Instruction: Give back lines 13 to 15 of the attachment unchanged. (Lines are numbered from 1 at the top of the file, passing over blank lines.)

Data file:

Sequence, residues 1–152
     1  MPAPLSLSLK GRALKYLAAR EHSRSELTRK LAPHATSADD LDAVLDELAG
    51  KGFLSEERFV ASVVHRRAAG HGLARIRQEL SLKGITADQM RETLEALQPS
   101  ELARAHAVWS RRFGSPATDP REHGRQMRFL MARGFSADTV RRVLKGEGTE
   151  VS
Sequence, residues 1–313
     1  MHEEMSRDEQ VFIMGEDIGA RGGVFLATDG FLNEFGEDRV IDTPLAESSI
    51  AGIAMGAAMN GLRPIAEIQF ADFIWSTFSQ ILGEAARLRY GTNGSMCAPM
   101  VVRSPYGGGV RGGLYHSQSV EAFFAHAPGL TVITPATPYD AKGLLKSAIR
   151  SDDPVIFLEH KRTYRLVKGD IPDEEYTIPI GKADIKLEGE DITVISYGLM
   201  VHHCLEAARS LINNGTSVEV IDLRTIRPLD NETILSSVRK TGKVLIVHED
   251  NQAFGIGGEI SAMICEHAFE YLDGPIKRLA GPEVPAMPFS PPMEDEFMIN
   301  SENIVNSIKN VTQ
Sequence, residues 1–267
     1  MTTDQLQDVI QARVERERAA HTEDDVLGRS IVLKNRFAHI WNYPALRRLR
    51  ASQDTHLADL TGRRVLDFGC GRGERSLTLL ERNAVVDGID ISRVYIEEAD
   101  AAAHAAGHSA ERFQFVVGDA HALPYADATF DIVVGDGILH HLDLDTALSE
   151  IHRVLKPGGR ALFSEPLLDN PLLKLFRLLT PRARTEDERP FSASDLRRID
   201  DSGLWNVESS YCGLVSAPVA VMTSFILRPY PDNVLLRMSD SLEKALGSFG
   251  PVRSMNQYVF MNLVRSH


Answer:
   301  SENIVNSIKN VTQ
Sequence, residues 1–267
     1  MTTDQLQDVI QARVERERAA HTEDDVLGRS IVLKNRFAHI WNYPALRRLR